Immunocompromised States

Now, the immunocompromised system can act in its own variations. If you think back to the normal function of the non-specific defense, imagine what could happen if you did not have enough monocytes/macrophages or if they and the granulocytes cannot move as fast as they should.  Having your macrophages busy with some type of chronic infection is one way to keep them away from target cells while decreased numbers/functionality of white cells (a hallmark of traditional cancer chemotherapy agents) allows the infective agent to remain alive longer. In medical speak, this combination of fewer and less capable action results in poor wound healing.  The longer it takes to heal, the more likely it will be more severe.  People with decreased complement also have a lower nonspecific response.

B cell alteration can cause a number of things to not happen.  For example, it might take one person’s immune system two weeks to recognize the foreign antigen. When that happens, there is a larger number of viruses and the damage to cells is greater, both in number and in severity, so you start out behind. This will also allow the viruses to move to other sites, cause additional complications. Another possible scenario is that the immunocompromised system can make antibodies in a timely manner, but they are of lesser quality. Maybe they do not last as long as they should or maybe they cannot bind to the antigen as tightly as they should. In the final example, the system might not be capable of making any antibodies at all. B cell diseases such as rheumatoid arthritis, Lupus, or multiple myeloma can have misshapen and non-functional antibodies.

T cell damage is harder to ascertain, again because they are harder to test. T cells are divided into subsets depending on their function. Probably one of the more well-known is the T4 cell. Think of this cell as a foreman, directing cells to perform additional functions. You can think of them as the “on/off” cells.  If there are insufficient numbers of T4 cells (this happens with HIV infections) or if they have been suppressed by medication or genetics, then the immune system may not turn on in an efficient or effective manner. Not because the other cells don’t function, but because they have not been directed to turn on. At its most noticeable, the T4 cells will not direct the B cells to make any antibodies. T cells can also become “exhausted” from trying to get the B cells to function over time.  For example, suppose you were that patient with lifelong allergies. It could happen that your T cells are so busy trying to control the immune system against the allergen that they are simply overwhelmed and cannot respond to the next antigen.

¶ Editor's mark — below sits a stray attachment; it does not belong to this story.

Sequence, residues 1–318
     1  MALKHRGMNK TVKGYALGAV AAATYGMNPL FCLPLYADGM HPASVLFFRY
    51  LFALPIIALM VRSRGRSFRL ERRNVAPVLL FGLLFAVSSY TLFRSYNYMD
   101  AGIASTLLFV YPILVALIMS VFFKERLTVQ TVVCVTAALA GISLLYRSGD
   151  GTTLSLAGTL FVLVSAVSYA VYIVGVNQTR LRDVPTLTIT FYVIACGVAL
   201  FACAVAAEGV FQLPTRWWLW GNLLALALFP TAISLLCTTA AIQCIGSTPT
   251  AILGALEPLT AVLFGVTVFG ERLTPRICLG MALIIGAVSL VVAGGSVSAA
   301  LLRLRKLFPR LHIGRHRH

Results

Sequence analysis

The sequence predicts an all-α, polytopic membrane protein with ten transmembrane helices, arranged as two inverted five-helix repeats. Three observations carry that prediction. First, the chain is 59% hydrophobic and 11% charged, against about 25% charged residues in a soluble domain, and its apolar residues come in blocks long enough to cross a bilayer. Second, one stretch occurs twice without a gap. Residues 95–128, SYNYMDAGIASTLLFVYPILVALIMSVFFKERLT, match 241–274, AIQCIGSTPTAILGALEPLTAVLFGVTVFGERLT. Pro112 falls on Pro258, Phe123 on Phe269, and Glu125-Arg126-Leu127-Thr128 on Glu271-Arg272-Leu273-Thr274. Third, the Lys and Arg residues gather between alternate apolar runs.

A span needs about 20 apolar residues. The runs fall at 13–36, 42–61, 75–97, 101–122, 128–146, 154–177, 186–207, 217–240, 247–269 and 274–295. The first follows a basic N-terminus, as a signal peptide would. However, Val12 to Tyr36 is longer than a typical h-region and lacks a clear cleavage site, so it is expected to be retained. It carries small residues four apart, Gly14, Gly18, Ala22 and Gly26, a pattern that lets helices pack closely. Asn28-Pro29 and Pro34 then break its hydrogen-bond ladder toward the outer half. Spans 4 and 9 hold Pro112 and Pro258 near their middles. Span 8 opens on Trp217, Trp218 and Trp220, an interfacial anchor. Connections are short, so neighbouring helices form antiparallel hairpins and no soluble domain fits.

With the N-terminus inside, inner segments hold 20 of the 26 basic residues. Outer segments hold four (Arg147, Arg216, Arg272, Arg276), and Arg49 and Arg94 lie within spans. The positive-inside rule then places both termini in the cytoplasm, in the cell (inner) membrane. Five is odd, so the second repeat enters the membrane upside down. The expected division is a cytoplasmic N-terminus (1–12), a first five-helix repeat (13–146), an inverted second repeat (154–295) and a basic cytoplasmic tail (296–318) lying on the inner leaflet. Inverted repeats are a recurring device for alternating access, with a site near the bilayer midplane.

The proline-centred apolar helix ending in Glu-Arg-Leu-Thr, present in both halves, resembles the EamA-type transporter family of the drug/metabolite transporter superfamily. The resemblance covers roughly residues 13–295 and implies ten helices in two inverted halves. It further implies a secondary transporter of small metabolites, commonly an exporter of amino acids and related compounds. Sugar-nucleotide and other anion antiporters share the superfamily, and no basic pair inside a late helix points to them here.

Traditional cancer chemotherapy cannot distinguish between cells and so everyone using this medication will have a lowered immune response, starting with the T cells which cannot respond correctly.  In patients with CLL or other lymphoid disorders, the T cells can be drained of functionality by medications, lack of B cell response and/or collateral damage.

All these functions and dysfunctions occur throughout our lifetimes. Sometimes we win, sometimes not. Sometimes the offending agent is eliminated; sometimes it remains and causes consequences. Sometimes the reaction is noticeable, sometimes low grade. The final article will concentrate on testing as an aid to diagnosis, treatment and monitoring.

Susan Leclair, PhD, CLS (NCA) is Chancellor Professor Emerita at the University of Massachusetts Dartmouth; Senior Scientist, at Forensic DNA Associates; and Moderator and Speaker, – an electronic resource for patients and health care providers.

Originally published in The CLL Society Tribune Q4 2021: Caregiver Edition.